"The other option would be for me to get residency down there and commute back and forth. And the wife and kids stay here in Wilmington and I travel back and forth and come home whenever I can on weekends or, you know, between jobs."
RLH: "How do you feel about that?"
BW: "That’s a lousy option."
Using the term “exodus” to describe what might happen should the industry lose incentives in North Carolina is not hyperbole, says Webb.
BW: "That is realistic."
RLH: "That’s not just a stark picture being painted…"
BW: "No, no. Certainly, all the people that I know have been thinking about that and talking about it. Because most of the people that I know work in the business here. That is their sole source of income.
And I’ve talked to a lot of guys – not only do they work in the business – but they have small businesses of their own -- renting equipment to film, renting cars to film companies, food, catering, that kind of thing.
So they really not only would have to pull up roots and move to another town but they’d have to bring their businesses with them because their businesses wouldn’t stay afloat."
Webb then takes me on to the busy set… where one crew member after another volunteers their story.
Ritchie Nannini moved to Wilmington 20 years ago.
"I’m the Best Boy Grip… [SET SOUND, LAUGHTER] on Under the Dome."
He and his wife and their two dogs are in wait-and-see mode. It’s not a comfortable place to be.
"We talk about what we would do and may do and may not do and…. Hmmm. I don’t know. It’s tough. It’s really, really tough. It’s hard to talk about sometimes. It’s kind of hard to talk about now. Because, you know, for a lot of us it’s our livelihood and it’s very – it’s emotional for a lot of us, too."
Julie Delaney is in charge of the Hair Department on the show. If the incentive goes away, she knows what she’ll do.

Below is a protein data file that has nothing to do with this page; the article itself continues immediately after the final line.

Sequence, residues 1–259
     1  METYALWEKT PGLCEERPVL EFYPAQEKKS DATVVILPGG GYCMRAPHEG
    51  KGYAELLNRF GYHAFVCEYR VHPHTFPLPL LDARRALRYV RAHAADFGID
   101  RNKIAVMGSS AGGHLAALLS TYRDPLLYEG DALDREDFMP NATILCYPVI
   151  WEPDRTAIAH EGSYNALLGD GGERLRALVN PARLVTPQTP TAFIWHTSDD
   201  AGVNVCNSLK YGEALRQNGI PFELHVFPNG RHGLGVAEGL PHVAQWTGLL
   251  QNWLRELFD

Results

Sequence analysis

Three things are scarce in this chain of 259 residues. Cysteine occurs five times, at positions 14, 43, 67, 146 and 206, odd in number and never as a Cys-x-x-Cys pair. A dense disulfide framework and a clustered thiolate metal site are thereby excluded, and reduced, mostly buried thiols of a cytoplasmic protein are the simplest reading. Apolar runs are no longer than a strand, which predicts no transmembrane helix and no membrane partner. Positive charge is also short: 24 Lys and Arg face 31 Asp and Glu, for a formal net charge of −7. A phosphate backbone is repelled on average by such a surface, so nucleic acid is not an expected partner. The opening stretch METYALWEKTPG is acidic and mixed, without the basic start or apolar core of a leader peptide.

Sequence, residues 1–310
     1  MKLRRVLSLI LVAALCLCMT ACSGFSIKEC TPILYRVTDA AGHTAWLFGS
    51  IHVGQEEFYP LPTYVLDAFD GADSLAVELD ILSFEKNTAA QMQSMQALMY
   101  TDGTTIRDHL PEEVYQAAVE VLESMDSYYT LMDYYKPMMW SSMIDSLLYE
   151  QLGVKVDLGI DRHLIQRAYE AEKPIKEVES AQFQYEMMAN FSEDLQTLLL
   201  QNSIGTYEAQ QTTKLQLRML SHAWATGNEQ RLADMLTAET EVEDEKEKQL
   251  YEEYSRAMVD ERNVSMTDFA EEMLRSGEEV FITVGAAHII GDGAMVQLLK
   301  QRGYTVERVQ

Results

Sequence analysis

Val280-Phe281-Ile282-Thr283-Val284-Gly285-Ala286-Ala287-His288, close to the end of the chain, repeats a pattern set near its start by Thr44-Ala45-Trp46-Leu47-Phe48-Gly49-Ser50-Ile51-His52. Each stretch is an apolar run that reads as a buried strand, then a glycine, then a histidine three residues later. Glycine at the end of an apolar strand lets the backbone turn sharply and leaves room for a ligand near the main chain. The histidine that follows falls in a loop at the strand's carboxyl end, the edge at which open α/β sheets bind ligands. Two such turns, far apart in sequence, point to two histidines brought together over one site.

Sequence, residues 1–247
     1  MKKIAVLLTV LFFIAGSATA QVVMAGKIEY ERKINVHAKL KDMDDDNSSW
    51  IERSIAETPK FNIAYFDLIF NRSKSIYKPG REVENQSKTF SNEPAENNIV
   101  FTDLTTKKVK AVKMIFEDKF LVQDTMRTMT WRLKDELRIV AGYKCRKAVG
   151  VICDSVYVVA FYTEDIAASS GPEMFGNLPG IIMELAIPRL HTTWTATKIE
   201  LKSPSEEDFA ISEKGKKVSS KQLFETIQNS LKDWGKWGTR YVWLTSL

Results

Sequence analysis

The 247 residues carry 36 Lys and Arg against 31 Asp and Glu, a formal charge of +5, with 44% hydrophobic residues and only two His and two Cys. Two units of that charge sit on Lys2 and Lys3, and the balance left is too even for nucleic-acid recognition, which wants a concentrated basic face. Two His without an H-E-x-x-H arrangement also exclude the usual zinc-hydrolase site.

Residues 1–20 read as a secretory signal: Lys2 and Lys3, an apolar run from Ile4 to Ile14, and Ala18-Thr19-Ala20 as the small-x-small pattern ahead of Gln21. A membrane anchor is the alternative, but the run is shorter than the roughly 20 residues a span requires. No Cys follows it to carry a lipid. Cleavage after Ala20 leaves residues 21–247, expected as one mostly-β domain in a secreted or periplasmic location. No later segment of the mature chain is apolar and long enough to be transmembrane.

JD: "Probably Atlanta. Because it’s close… Yeah I’ll have to move. You have to work."
Dan Turek is a camera assistant. Married, with children. One in college and one in private school in Wilmington.
"I’ll definitely have to move, yeah. I don’t think I’ll wait here and hope in two or three years we can turn it around."
His sights are set on Atlanta.
"And it seems like they’re building more -- every year they’re strengthening their film base there and not being attacked like we’re being attacked every year here."
After a long career as a cinematographer, Herb Harton has retired in the Cape Fear region. He’s past the point of going anywhere. But he’s flummoxed by the anti-incentive movement.
"The film industry is a good industry. It doesn’t pollute. It has good people who work really hard for good money… Atlanta, Georgia will be happy to take our crew base. And let ‘em pay taxes there."
But for now, the sounds of the power tools and staple guns continue in Tom Jones’ scene shop…
[SOUNDS OF STAPLE GUN AND POWER SAW]
"Right now, every stage on the studio lot is occupied. For Screen Gems, it’s their salad days right now. They’re really stroking it. Hopefully it will continue…"
[POWER SAW SOUND fade out…]